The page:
There was the question raised through the cross-examination of the plaintiff as to the effect of the several letters her husband had received from the District Commissioner, Kiambu District and his District Officer, then based at Thika. The effect of those letters was that the provincial administration was requiring the plaintiff to vacate the subject plot because the plot along with several others had been allocated to the defendant. The plaintiff refused to vacate. The reason the plaintiff gave for refusing to vacate is that the District Commissioner nor any of his subordinate officers had the power to require her and her family to vacate the plot. I entirely agree. The licence although it had been given by the Government, not every officer of the government had the right or power to cancel or revoke it. There is the authorized officer, namely the Commissioner of Lands who could do it. The Commissioner of Lands did not deem it fit to communicate to the plaintiff any decision to terminate the licence. It was therefore, deemed to be valid and in force until it was determined on 5th December, 1989.
The first issue must, therefore, be answered in the affirmative.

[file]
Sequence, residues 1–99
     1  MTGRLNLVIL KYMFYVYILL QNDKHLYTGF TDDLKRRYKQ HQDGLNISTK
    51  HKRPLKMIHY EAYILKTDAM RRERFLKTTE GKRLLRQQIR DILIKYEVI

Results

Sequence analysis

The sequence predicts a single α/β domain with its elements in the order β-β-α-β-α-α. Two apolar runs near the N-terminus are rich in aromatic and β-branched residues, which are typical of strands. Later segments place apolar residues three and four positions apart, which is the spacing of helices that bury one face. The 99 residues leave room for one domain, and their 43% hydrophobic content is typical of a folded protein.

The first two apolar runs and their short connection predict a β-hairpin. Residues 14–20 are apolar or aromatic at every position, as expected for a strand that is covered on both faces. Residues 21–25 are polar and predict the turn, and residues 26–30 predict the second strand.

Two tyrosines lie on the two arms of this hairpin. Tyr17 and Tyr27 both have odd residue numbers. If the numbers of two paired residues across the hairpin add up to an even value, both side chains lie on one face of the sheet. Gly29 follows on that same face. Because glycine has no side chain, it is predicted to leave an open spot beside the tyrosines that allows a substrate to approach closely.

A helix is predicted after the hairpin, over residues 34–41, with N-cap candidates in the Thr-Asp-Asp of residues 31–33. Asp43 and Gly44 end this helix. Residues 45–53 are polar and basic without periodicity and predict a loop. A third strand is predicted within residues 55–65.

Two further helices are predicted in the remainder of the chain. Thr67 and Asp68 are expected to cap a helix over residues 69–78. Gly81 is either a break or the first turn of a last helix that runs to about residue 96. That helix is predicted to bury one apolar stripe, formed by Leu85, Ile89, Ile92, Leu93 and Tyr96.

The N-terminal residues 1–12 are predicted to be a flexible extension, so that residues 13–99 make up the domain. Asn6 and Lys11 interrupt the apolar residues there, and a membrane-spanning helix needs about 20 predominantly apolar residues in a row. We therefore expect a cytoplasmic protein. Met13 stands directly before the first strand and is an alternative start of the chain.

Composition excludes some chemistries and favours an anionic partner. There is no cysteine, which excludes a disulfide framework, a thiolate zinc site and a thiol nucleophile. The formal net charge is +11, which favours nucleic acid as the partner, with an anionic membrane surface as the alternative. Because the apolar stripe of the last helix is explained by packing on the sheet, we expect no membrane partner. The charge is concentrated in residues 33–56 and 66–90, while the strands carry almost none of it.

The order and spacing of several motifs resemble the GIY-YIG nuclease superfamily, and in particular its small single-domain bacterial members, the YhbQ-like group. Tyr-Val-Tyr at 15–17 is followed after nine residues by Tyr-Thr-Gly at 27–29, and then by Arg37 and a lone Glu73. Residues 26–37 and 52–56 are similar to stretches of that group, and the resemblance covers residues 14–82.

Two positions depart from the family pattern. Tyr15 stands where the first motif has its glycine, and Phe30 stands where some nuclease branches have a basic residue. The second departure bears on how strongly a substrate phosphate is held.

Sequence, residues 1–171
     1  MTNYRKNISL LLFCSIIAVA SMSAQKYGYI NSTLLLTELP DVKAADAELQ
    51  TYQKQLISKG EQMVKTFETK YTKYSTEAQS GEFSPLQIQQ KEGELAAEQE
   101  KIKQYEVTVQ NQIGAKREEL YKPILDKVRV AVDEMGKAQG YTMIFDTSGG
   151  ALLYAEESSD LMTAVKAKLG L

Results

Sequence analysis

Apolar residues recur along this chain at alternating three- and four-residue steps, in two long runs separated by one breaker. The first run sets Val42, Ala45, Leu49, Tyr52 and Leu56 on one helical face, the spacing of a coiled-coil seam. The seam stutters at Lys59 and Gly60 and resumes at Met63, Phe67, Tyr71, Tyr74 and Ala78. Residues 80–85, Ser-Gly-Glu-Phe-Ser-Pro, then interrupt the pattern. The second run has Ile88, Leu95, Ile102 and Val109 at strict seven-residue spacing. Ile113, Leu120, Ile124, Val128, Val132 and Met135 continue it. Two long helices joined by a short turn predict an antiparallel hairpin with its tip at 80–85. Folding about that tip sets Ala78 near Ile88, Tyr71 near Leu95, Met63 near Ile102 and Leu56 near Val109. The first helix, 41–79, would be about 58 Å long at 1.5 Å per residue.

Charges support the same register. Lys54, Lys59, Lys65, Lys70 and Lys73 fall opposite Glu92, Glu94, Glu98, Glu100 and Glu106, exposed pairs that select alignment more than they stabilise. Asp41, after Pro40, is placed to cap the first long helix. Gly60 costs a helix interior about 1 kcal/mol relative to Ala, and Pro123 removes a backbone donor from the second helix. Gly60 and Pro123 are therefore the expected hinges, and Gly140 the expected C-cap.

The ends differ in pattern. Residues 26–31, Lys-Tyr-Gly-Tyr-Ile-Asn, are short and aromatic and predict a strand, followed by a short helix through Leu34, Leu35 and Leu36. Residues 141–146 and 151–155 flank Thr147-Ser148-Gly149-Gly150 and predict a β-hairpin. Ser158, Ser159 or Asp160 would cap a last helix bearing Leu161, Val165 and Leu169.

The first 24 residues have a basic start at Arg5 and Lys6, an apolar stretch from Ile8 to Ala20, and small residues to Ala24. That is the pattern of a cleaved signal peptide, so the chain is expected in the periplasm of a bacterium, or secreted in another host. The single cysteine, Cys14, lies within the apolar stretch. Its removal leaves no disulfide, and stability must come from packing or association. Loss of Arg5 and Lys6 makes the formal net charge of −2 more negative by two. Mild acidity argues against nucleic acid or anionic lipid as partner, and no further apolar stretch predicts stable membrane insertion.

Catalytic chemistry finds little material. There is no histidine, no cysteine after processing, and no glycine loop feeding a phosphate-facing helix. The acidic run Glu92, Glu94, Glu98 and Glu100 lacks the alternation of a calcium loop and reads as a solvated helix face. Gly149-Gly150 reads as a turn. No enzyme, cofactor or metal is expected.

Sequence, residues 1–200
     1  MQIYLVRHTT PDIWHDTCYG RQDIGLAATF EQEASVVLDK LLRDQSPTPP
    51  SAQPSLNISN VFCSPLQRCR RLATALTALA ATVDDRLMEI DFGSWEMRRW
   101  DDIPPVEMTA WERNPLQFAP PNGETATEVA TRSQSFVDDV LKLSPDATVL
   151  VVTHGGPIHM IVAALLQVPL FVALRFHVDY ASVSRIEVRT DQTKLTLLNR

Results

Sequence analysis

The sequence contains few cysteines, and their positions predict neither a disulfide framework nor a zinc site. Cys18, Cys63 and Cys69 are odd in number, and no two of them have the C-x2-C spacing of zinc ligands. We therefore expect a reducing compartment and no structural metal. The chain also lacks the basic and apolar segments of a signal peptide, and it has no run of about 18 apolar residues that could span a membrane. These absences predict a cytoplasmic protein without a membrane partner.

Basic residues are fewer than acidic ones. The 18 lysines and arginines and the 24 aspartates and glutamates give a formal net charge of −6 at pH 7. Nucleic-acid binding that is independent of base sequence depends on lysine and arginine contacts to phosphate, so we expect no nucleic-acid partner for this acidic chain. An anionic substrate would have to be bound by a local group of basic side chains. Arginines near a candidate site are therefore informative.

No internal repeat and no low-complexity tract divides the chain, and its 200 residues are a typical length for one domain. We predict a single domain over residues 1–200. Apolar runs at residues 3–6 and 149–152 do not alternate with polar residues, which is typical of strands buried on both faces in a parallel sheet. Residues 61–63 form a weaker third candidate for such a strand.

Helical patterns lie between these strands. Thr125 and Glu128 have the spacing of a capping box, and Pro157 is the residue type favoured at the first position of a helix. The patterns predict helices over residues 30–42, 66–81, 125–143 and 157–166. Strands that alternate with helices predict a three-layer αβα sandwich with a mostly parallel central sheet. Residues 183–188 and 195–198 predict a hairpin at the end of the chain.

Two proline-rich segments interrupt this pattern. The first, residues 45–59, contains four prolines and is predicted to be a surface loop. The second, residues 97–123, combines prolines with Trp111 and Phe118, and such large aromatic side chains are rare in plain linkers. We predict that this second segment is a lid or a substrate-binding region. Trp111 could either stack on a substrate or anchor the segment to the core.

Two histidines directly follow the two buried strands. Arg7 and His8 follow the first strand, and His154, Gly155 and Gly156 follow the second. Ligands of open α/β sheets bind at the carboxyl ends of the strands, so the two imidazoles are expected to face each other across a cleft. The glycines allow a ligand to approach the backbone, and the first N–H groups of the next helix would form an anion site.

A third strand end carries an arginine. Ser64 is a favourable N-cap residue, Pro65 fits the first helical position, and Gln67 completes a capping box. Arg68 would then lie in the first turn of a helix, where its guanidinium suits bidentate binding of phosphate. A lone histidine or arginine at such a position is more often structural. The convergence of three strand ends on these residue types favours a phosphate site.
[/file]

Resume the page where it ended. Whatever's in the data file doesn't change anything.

Then there is the second question whether the defendant demolished the plaintiff’s structures. The plaintiff’s case is that the defendant did so using its own employees. The defendant on the other hand contends and called evidence to the effect that the demolition was done by the provincial administration. In fact the District Commissioner, Kiambu District did address a letter to the plaintiff’s husband, dated 29th September, 1989, stating, inter alia, that he had demolished the plaintiff’s structures in order to create room for the rightful owner of the plot to effect some developments on it.
The D.C. did not personally carry out the demolition exercise. One of his chiefs one Solomon Kiuna Kiarie, testified for the defendant, that he personally led 12 administration policemen to plot no 145, Ruiru on the instructions of the area D.O. to carry out the demolition work. However his evidence and the several letters which the defendant tendered in evidence in support of its case must be looked in proper perspective. The defendant had complained to the provincial administration about the plaintiff’s continued occupation of the plot which had been leased to it by the Government. The provincial administration must have agreed to help considering the tone of the letters it later wrote to the plaintiff. Infact the D.C. was incensed that the plaintiff’s husband who was his subordinate officer, did not vacate the plot even after he received a letter from him (D.C.). By his letter of 29th September 1989, the D.C. threatened to take serious disciplinary action against him which would possibly include dismissal, if he did not act according to his direction.